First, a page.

I do not need to hear your “Catholic” answers. And, plz don’t start with the whole,“Your title said this, but you said this and you contradict yourself.” because I’m not up for it. Just put the word priests in parentheses.

  1. No, I don’t believe he is present in the sense you are using.
  2. I’m not clear on what this is.(You all have made so many things up, I get lost in all the man made traditions.)
  3. Yes.

#13

Yes, set forth, but not continued. And, the Apostles were not priests. They were part of the holy “priesthood” as are all christians. By the way, I’m Catholic, in the true meaning of the word.


#14

Yes, set forth, but not continued. And, the Apostles were not priests. They were part of the holy “priesthood” as are all christians. By the way, I’m Catholic, in the true meaning of the word.

As I said, I am a priest. So, my “religion” has priests.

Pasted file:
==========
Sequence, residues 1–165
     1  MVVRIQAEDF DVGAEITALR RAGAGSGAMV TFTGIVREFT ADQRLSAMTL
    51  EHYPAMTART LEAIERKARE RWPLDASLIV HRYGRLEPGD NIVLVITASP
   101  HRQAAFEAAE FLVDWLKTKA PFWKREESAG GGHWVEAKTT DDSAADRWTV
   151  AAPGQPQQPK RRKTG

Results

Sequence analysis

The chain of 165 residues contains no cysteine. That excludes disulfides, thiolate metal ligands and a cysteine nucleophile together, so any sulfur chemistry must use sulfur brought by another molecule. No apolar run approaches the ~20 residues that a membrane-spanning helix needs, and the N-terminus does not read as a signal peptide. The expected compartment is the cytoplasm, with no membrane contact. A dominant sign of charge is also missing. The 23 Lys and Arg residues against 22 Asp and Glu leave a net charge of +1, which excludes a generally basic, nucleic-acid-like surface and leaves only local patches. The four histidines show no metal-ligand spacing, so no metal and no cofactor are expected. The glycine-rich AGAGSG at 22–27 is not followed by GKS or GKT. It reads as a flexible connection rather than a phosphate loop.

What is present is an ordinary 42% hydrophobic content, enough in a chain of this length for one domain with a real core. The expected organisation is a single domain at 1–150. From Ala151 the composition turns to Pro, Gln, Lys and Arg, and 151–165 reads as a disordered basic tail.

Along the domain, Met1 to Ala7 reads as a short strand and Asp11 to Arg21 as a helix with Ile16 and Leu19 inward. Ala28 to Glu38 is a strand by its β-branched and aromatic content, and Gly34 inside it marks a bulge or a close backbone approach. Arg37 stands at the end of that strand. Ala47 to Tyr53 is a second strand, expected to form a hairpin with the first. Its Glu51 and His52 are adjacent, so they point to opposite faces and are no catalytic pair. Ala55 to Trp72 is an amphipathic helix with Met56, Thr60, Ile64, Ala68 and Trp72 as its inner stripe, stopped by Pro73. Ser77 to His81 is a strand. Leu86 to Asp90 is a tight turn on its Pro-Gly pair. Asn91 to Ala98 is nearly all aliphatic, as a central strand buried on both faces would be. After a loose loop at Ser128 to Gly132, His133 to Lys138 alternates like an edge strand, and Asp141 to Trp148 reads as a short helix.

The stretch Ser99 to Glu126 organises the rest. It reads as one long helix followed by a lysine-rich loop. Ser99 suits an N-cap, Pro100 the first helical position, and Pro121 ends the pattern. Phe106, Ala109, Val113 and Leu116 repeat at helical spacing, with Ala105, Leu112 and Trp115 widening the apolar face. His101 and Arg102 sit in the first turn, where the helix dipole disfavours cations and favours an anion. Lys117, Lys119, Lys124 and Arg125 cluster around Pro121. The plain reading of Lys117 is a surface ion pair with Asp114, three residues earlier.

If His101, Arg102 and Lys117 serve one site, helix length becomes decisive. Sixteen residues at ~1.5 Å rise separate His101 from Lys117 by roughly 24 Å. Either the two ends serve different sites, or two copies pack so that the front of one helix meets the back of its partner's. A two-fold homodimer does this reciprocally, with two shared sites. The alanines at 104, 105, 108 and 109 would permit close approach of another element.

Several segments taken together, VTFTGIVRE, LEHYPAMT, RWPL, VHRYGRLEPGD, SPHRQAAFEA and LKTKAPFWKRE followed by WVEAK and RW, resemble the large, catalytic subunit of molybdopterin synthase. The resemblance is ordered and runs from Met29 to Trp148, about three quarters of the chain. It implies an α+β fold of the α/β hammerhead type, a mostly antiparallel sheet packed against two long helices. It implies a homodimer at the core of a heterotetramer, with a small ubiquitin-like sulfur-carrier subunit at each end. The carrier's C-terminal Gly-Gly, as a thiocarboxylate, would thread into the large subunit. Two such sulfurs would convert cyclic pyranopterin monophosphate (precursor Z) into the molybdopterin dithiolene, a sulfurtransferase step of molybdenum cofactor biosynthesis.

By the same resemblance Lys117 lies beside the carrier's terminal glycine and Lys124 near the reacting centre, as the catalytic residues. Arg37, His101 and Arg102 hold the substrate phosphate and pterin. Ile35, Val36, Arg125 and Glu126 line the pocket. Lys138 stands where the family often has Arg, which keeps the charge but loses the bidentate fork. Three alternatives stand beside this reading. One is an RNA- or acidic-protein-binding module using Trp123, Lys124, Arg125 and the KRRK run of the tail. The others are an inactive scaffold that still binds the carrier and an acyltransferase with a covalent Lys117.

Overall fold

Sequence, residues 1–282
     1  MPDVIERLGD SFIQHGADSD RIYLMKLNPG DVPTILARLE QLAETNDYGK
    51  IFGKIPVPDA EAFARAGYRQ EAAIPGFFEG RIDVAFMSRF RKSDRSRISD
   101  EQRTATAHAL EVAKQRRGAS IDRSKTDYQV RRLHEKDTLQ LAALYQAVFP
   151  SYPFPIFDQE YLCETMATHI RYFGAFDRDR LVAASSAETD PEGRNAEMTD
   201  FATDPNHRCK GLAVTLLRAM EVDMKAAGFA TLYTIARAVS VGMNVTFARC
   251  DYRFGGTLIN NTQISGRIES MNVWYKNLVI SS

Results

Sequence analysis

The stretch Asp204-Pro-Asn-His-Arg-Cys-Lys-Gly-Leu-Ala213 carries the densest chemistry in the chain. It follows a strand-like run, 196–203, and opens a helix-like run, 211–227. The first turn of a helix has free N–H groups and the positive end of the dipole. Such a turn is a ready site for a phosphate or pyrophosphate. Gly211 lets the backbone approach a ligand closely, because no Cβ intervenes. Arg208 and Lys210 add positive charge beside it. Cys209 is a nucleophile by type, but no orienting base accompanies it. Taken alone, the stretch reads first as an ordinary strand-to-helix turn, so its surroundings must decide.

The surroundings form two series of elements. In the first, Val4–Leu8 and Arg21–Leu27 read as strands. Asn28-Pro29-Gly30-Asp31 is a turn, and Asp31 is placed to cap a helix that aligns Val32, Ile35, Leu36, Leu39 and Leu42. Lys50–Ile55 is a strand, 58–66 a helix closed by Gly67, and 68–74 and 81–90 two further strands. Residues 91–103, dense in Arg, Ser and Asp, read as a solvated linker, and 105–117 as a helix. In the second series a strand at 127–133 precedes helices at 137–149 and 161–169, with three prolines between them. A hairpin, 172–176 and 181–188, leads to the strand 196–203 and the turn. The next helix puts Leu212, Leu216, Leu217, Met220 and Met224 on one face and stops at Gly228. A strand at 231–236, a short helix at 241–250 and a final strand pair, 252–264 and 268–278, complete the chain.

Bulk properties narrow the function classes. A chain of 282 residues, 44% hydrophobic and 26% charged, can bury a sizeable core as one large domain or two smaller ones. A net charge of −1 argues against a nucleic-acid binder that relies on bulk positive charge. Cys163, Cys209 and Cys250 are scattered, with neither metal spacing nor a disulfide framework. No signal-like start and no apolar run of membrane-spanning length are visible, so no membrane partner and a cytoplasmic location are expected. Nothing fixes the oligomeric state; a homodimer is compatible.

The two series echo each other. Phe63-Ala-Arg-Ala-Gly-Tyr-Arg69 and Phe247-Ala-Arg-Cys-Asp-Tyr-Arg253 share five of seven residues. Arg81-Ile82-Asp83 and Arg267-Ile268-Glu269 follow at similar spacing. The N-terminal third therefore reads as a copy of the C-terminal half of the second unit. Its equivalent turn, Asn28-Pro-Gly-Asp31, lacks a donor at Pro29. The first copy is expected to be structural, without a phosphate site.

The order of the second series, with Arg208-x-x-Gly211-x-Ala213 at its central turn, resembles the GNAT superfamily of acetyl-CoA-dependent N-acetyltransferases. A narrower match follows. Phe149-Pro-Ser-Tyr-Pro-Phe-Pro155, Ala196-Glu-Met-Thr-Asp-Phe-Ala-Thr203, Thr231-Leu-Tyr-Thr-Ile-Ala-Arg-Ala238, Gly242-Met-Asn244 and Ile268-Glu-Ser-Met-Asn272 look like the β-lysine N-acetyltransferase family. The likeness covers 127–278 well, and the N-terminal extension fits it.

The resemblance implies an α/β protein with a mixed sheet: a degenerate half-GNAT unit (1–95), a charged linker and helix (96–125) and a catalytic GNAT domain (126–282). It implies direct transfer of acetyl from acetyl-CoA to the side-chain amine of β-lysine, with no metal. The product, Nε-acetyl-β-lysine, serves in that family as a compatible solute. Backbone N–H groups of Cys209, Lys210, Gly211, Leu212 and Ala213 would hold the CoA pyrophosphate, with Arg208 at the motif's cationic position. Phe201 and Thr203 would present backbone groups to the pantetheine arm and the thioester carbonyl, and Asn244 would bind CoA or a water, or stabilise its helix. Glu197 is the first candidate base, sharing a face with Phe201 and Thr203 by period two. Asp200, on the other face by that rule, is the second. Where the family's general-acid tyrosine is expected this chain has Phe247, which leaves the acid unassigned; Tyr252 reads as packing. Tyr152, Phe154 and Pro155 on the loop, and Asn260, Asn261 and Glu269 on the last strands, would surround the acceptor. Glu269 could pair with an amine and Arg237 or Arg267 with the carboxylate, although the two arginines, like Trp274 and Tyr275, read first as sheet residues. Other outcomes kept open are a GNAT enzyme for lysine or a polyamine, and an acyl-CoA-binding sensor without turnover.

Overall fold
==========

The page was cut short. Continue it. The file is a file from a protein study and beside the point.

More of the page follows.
#15

By “Elders” I assume you mean the “Overseers” or “Pastors” which, my church has. We also have deacons and ministers, As the first century church had. And all were chosen according to the scriptures as laid out by Paul. “5The reason I left you in Crete was that you might straighten out what was left unfinished and appoint[a] elders in every town, as I directed you. 6An elder must be blameless, the husband of but one wife, a man whose children believe and are not open to the charge of being wild and disobedient. 7Since an overseer** is entrusted with God’s work, he must be blameless—not overbearing, not quick-tempered, not given to drunkenness, not violent, not pursuing dishonest gain. 8Rather he must be hospitable, one who loves what is good, who is self-controlled, upright, holy and disciplined. 9He must hold firmly to the trustworthy message as it has been taught, so that he can encourage others by sound doctrine and refute those who oppose it.”

Are the priests the elders of Catholic churches?**


#16

Let’s see. They serve no purpose would be a good reason. Nor are they biblical.(in the catholic sense the the term “priest”)


#17

Hm, well Todd, let’s get this passage in it’s full context.